So here is a small story. Some years ago my wife gave me a “generation one” iPad as a present – my first touch screen device. Since the iPad had a solid state drive, it would outlast, on a full battery charge, any notebook with a conventional hard drive that I had at the time. I could, and did, fly from Sydney to Los Angeles and keep using my iPad. Yet my initial euphoria was short lived. I quickly found myself in Apple’s “Walled Garden.” I had to “buy to try,” and more often than not, apps failed to provide the feature depth and breadth of comparable applications on Microsoft Windows or Linux – even where the Windows or Linux competitors were entirely free. Frequently, I found myself buying multiple apps for the same purpose to arrive at something to my liking. Very early did I realise that if I wanted the functionality I sought, I would need to build it myself. Cydia already provided access to a host of GNU / Linux applications on the iPhone, but only terminal based. I wanted Java. I wanted a GTK desktop. I wanted the iPhython notebook (to tun OCaml). I wanted a tiling window manager that routed my apps to virtual desktops on demand – load balancing for touch screen apps. And I wanted it on my iPhone. So I built it and I called it QMole. A mole because it subsumed what was there (the garden) and “Q” because I didn’t want another “I” something. Screenshots here.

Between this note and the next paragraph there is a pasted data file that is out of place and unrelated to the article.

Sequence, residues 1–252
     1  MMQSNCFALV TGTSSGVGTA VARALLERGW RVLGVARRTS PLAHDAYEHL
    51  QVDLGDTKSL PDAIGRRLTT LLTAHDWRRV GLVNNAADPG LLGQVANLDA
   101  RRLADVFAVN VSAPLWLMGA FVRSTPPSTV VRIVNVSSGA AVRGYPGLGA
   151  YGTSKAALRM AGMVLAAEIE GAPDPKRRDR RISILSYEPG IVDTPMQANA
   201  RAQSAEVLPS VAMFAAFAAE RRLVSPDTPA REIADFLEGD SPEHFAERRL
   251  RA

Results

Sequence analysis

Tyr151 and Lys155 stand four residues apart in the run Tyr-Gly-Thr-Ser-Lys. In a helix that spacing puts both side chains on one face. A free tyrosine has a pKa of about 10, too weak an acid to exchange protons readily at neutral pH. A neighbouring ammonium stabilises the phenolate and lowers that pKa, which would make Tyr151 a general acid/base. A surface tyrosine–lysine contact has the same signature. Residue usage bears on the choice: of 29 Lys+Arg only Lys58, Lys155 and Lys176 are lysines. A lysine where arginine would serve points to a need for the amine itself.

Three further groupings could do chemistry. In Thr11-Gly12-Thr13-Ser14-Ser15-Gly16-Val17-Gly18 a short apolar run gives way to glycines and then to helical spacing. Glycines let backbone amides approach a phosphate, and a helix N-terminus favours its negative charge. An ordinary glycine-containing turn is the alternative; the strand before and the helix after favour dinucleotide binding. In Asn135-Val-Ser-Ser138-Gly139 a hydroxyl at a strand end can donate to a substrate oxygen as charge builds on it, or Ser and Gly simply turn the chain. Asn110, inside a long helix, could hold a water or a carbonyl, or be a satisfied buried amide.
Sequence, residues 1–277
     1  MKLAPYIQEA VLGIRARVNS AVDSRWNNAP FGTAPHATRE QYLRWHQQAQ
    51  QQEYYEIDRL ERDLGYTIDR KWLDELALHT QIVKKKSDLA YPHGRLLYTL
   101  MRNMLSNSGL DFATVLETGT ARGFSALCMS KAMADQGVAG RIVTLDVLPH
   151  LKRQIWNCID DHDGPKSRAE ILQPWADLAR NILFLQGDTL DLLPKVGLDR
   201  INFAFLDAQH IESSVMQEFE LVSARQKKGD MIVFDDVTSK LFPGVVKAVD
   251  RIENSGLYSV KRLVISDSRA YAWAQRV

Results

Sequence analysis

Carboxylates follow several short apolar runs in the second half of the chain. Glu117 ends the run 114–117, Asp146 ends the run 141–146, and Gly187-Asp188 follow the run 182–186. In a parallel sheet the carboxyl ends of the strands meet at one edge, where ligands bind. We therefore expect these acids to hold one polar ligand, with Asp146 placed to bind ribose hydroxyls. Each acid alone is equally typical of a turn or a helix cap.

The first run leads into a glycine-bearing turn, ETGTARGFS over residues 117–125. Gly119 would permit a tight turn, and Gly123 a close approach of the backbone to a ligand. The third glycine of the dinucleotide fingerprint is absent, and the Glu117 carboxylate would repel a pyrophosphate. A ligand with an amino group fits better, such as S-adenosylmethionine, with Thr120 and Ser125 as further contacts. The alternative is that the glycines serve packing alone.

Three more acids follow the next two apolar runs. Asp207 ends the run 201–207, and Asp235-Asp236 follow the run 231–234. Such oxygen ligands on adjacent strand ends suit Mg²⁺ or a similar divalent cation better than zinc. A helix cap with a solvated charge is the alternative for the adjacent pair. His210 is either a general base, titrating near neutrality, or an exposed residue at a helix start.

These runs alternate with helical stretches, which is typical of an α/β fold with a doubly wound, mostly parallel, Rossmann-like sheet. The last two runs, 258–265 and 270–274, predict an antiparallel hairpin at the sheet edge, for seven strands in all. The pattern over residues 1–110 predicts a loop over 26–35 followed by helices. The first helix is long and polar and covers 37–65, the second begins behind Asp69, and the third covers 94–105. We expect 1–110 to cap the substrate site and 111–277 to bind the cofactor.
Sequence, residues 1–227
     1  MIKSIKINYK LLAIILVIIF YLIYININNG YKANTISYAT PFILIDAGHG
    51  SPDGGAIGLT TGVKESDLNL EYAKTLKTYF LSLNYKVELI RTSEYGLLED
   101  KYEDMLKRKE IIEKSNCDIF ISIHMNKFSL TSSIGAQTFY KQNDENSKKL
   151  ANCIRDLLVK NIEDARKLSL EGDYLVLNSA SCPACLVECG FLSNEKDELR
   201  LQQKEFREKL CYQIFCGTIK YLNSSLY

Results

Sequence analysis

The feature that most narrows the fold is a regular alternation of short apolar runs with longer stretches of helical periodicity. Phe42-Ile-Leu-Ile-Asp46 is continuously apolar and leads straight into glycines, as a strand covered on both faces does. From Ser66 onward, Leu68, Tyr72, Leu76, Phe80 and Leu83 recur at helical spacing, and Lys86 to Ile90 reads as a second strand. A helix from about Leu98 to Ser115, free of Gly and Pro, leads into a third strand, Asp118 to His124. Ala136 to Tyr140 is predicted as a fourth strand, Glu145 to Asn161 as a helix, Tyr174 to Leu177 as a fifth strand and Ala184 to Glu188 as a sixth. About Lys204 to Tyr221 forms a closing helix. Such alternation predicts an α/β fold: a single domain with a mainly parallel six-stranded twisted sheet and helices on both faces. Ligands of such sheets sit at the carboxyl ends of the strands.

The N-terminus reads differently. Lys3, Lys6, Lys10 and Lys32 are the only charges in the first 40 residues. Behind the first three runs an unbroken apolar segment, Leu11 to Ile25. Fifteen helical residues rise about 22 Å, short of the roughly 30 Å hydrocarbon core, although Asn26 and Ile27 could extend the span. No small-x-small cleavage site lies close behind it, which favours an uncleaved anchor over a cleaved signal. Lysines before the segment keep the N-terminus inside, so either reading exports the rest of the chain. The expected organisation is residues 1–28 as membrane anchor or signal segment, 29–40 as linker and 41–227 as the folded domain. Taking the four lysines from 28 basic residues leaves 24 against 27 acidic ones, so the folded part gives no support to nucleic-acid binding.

Over the years, QMole served me well. I built everything on the iPhone and iPad. In due time, I had built almost an entire “Linux” distribution with some 170 Debian packages, comprising some 42 million lines of code. As time went on, Apple changed from 32 bit CPUs to 64 bit CPUs. The format for executables on iOS changed a number of times. Ultimately, I had to decide if I wanted to maintain my own Linux distribution or give Linux back to whom it belongs: the community.
So today I have done just that. I released QMole open-source on Github. A separate Github repository holds the Debian packages which makes for a smaller download footprint. QMole is licensed under the GPL.
Let it fly free (hence the painting of the flying mole).
If you require licence terms different from the GPL, feel free to get in touch with me.
Happy hacking !